Married to a Mob

You can't help it. Chat with Valley moms Susan Fitzgerald and Lori Drinkard, and all you can think is, "There but for the grace of the fertility gods go I."

As you may have noticed, I spend a lot of time bellyaching about the difficulties of raising one kid. Just one. And although there have been times when I was sure I'd made a mistake in my addition, he's remained singular since birth. He never fouled more than one diaper at a time. He's never thrown more than one blubbering fit at a time. And when it comes to messes that have caused visitors to mistake our home for postwar Hiroshima, those appear one at a time, too.

Still, the lad is a handful. But he seems like a much more manageable handful now that I've swapped war stories with Susan and Lori, who are, respectively, the co-producers and primary caretakers of triplets and quadruplets.

When Susan and her husband Lynn first laid eyes on their now-twenty-month-old heirs, she recalls, "They were black blobs on the ultrasound screen. I was thinking, `I've got tumors! I've got cysts!' I asked the doctor what we were looking at. He said, `I'm not quite sure.' I thought, `He doesn't want to give me the bad news!'"

Susan laughed when the truth was revealed. Her husband, however, was not amused. "He kept staring at the screen. His face was very red and sweat was dripping down. He nearly fainted." Sounds like a healthy reaction to me.

Once the Fitzgeralds brought Chelsea, Lydon, and Shawna to their Tempe home, there was serious adapting to do. "For the first six months, I slept three hours a night. I was a walking zombie. It would take each one an hour to nurse, and each one had to be fed every three hours around the clock." She was, in other words, a human Denny's.

Once Susan worked out a reasonable eating and sleeping schedule, she swears that multiple motherhood was a snap for the next nine or ten months, as her babies limited their waking-hour activities to gurgling and looking adorable. "But suddenly, they were up on the tables, up on the kitchen counter, fooling with the stereo. All I'd have to do was turn my back for a second. And I wouldn't even be preoccupied with something else. I'd be preoccupied with another baby!" (If you can't imagine the scene she describes, see the movie Gremlins.)

Whenever Susan thinks she's got a handle on the situation, it's chow time. "Right now, the hardest thing is cleaning up three children and three highchairs and the three puddles of food under them. By the time you finish lunch, it's time for dinner."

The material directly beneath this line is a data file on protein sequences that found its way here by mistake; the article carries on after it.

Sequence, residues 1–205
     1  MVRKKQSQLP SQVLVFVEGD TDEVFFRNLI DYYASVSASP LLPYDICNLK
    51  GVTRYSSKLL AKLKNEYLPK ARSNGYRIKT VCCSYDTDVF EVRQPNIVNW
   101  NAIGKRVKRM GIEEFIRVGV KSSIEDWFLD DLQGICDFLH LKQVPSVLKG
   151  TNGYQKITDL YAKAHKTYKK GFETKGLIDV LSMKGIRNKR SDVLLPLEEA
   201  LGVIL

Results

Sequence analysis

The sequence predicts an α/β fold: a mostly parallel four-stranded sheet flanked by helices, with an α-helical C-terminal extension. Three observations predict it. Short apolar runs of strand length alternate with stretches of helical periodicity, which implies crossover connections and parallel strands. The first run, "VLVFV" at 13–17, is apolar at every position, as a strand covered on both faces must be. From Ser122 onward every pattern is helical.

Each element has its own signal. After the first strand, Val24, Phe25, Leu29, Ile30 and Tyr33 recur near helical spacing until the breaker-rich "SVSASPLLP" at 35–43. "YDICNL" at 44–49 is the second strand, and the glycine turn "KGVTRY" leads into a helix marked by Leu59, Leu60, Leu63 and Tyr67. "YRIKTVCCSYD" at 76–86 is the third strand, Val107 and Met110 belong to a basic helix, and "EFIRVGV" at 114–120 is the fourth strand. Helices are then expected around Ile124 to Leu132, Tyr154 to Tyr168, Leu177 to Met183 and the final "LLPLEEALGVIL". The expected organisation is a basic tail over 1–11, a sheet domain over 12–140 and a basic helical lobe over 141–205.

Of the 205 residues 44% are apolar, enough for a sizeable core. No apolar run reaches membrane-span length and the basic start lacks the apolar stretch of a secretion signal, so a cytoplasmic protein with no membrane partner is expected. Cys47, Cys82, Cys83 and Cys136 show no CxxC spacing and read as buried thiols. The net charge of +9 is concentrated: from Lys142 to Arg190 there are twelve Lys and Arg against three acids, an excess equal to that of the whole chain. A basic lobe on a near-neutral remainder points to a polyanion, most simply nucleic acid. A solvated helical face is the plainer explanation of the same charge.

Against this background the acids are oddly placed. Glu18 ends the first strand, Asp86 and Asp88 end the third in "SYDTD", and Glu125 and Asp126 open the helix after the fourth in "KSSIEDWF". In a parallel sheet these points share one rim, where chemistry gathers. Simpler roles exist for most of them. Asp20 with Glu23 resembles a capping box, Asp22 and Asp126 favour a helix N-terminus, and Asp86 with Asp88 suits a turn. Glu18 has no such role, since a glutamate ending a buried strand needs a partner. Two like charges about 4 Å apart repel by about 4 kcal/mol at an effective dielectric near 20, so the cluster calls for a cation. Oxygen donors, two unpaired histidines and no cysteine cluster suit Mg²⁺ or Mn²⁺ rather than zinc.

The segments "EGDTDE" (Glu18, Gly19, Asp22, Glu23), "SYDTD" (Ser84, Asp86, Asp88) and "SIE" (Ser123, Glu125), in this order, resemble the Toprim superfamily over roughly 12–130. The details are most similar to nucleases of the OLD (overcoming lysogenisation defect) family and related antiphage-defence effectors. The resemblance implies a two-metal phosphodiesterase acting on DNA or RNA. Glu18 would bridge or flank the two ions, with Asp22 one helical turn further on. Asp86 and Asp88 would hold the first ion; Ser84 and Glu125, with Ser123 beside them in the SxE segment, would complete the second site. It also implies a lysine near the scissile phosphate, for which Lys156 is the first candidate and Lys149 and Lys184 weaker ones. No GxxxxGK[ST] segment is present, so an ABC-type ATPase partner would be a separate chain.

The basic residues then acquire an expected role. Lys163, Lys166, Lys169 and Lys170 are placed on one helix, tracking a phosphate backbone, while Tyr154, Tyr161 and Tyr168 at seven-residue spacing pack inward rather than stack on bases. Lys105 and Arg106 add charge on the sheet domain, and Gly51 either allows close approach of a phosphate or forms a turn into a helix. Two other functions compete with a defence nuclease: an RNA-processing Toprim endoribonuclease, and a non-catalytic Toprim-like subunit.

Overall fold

Incredibly, the woman who laughed when told she was carrying triplets is still laughing.

"That's what makes it all worthwhile," she says. "The laughs. When they chase and tackle each other, when you walk in the door and they all come charging at you wanting a hug and a kiss. There's just no better feeling in the world compared to that."

I don't know about you, but I'm willing to take her word for it. Lori Drinkard and her husband Otis were hoping for twins and expecting triplets. But five months ago, the childless Buckeye couple found themselves managing half an all-girls softball team: Jillian, Melissa, Sarah, and Rebecca.

"We thought we could handle three," Lori recalls, "but four? That extra one blew us away." And only partly because the news was not broken gently. "The doctor looked at the ultrasound and said, `How big a house did you say you have?'"

At first, she says, "The responsibility was just overwhelming. We had to hire outside help. I almost felt I was lacking as a parent because I couldn't take care of them myself. But there was just no way."

For Lori, the toughest part of quadrupling is "not being able to just sit and hold a baby. You're always racing to get one taken care of so you can go to the next." The second toughest part is "finding private time where my husband and I can just be together. And when we do, it's hard not to talk about babies. We have to force ourselves to talk about something else."

And then there's the Quad Gawkers--those awestruck rubbernecking gabbers in malls and supermarkets who form crowds whenever the Drinkards show up. "I understand their curiosity," Lori says, "but it does get tiresome if you're in a hurry. And when you have four babies, you're always in a hurry."

Have the Drinkards caught their limit? Lori needs no time to mull the question over.

"THIS IS OUR FAMILY," she vows. "When I was pregnant, we knew we had three girls, but we didn't know what the fourth one would be. My mom said, `I hope it's a boy so you won't want to try again.' But she doesn't have to worry. We're DONE."

If you've ever assumed otherwise, there's fairly reliable proof that quadruplets do not make you insane.

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Michael Burkett